When the Panama Canal officially opened 100 years ago, it forever changed the face of world maritime commerce and shipbuilding. Today, nearly $9 trillion in seaborne commerce transits the canal, with more than 12,000 vessels making the trip each year. Of them, some 3,100 are container ships, another 2,900 are dry bulk ships, and around 2,500 are tankers.

The canal is 51 miles long and takes 8-10 hours to transit, but the big limitation is its width. Today, the canal can admit ships up to 4,400 teu (twenty-foot equivalent). The teu is basically the size of a standard, 20-foot-long cargo container. With global shipping on the rise, the pressure has been on to make the canal much bigger, to admit more ships, and to admit larger ships.

An effort to widen the canal began in 2007, and it will be complete in 2015. Once it’s widened, the canal will be able to admit New Panamax vessels of up to a mind-boggling 12,600 teu (nearly triple the current vessel size limit). The wider canal will also be able to admit 12-14 larger vessels a day, representing a significant increase in total canal traffic.

All of these improvements bring with them a host of new insurable risks that have carriers such as Allianz Global Corporate & Specialty (AGCS) working hard to craft risk management solutions for their clients. AGCS is a leading insurer of ocean marine and cargo, and it recently released a report on the risks the canal presents, which you can download here.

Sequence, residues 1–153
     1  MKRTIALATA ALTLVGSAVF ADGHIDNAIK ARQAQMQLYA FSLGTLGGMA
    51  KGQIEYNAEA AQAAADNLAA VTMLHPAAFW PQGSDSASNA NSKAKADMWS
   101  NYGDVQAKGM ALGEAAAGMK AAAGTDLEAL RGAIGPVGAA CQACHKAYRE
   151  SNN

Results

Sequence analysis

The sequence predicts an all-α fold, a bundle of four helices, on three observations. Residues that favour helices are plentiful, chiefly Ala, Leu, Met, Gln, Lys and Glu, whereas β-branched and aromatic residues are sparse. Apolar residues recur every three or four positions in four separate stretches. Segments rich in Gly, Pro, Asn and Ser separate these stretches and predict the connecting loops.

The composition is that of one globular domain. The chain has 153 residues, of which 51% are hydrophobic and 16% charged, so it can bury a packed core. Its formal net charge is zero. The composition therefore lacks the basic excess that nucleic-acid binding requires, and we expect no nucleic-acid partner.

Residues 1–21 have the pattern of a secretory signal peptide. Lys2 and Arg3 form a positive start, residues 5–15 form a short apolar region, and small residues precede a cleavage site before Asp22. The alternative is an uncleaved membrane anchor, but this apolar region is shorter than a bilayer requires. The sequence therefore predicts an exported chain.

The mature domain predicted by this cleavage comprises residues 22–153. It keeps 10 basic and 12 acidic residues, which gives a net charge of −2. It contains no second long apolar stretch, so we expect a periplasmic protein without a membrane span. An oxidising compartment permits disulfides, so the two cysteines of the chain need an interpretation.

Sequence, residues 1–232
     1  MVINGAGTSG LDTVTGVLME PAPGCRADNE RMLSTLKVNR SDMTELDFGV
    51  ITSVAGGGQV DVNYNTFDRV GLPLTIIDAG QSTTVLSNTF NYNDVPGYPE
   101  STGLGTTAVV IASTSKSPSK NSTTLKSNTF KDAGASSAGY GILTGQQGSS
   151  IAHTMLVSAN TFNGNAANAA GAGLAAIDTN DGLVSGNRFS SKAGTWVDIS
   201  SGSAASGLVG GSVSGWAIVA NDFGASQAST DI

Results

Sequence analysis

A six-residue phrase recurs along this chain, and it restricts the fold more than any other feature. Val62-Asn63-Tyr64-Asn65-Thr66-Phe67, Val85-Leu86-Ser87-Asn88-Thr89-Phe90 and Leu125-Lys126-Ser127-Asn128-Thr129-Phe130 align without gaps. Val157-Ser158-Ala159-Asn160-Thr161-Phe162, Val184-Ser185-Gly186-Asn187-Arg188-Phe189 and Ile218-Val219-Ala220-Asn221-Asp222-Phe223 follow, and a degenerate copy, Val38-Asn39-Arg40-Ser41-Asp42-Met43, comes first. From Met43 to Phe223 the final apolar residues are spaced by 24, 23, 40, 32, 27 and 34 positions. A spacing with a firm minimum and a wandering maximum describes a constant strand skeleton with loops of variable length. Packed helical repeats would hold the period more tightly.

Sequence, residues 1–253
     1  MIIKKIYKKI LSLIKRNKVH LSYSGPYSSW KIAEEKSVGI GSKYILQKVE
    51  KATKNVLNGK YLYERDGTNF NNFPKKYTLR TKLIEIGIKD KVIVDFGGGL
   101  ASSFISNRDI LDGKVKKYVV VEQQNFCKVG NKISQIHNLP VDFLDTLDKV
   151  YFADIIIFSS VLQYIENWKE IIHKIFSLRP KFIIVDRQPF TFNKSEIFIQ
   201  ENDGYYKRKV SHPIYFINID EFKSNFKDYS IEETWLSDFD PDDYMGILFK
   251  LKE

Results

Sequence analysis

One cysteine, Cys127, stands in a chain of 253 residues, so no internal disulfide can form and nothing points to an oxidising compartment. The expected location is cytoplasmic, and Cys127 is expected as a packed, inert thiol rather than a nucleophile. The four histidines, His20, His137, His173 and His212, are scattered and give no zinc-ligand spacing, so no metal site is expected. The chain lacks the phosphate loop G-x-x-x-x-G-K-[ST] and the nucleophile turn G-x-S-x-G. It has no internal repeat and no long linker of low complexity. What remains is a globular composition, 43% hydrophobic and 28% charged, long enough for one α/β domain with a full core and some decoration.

(Click on infographic below for high resolution.)

100 Years of the Panama Canal


The Panama Canal is the safest of the world’s major canals.

There is a shipping incident in the Panama Canal about 1 in every 4,000 ships that go through. That might not sound great, but it compares very favorably to the Suez Canal, where there is an incident for every 1,100 ships. The Kiel Canal has an incident for every 830 ships.

The Panama Canal has seen 180 shipping casualties over the last 20 years, for an average of about nine a year. Recent efforts to improve safety, however, have significantly improved things in the last 10 years. There have only been 30 casualties in the last decade.

More than three-quarters of all shipping incidents in the Panama Canal involve bulk carriers, cargo ships and container ships. The most common cause of incidents are contact with the walls of the canal (53 incidents), and collisions (50 incidents) with other vessels – together, these account for almost 60% of all incidents. Machinery damage/failure (41 incidents) counts for another 20% of all incidents.

There were only three casualties in 2013: one involving a container ship, one a cargo ship, and one a tugboat.

Panama Canal casualties by type of vessel

The bigger canal means bigger ships, which means bigger risks.

The expanded capacity of the canal will mean that the amount of insured goods passing through will rise by $1.25 billion or more, according to Allianz. This is to say nothing of the hull risk involved. The “fully cellular” cargo vessels used to transit the canal back in the 1970s carried 1,000-2,500 teu and had a hull worth of about $8M to $12M. The Panamax vessels that came after in the 1980s are 3,000-3,400 teu and worth about $62M. In 1988, we saw the Post Panamax vessels, with 4,000-5,000 teu and worth around $49M. Post Panamax-Plus vessels hit the scene in 2000, carrying 8,000 teu and worth around $98M. The New Panamax vessels hitting the vessels in 2014 are 12,000-13,000 teu and their hull value alone tops $100M.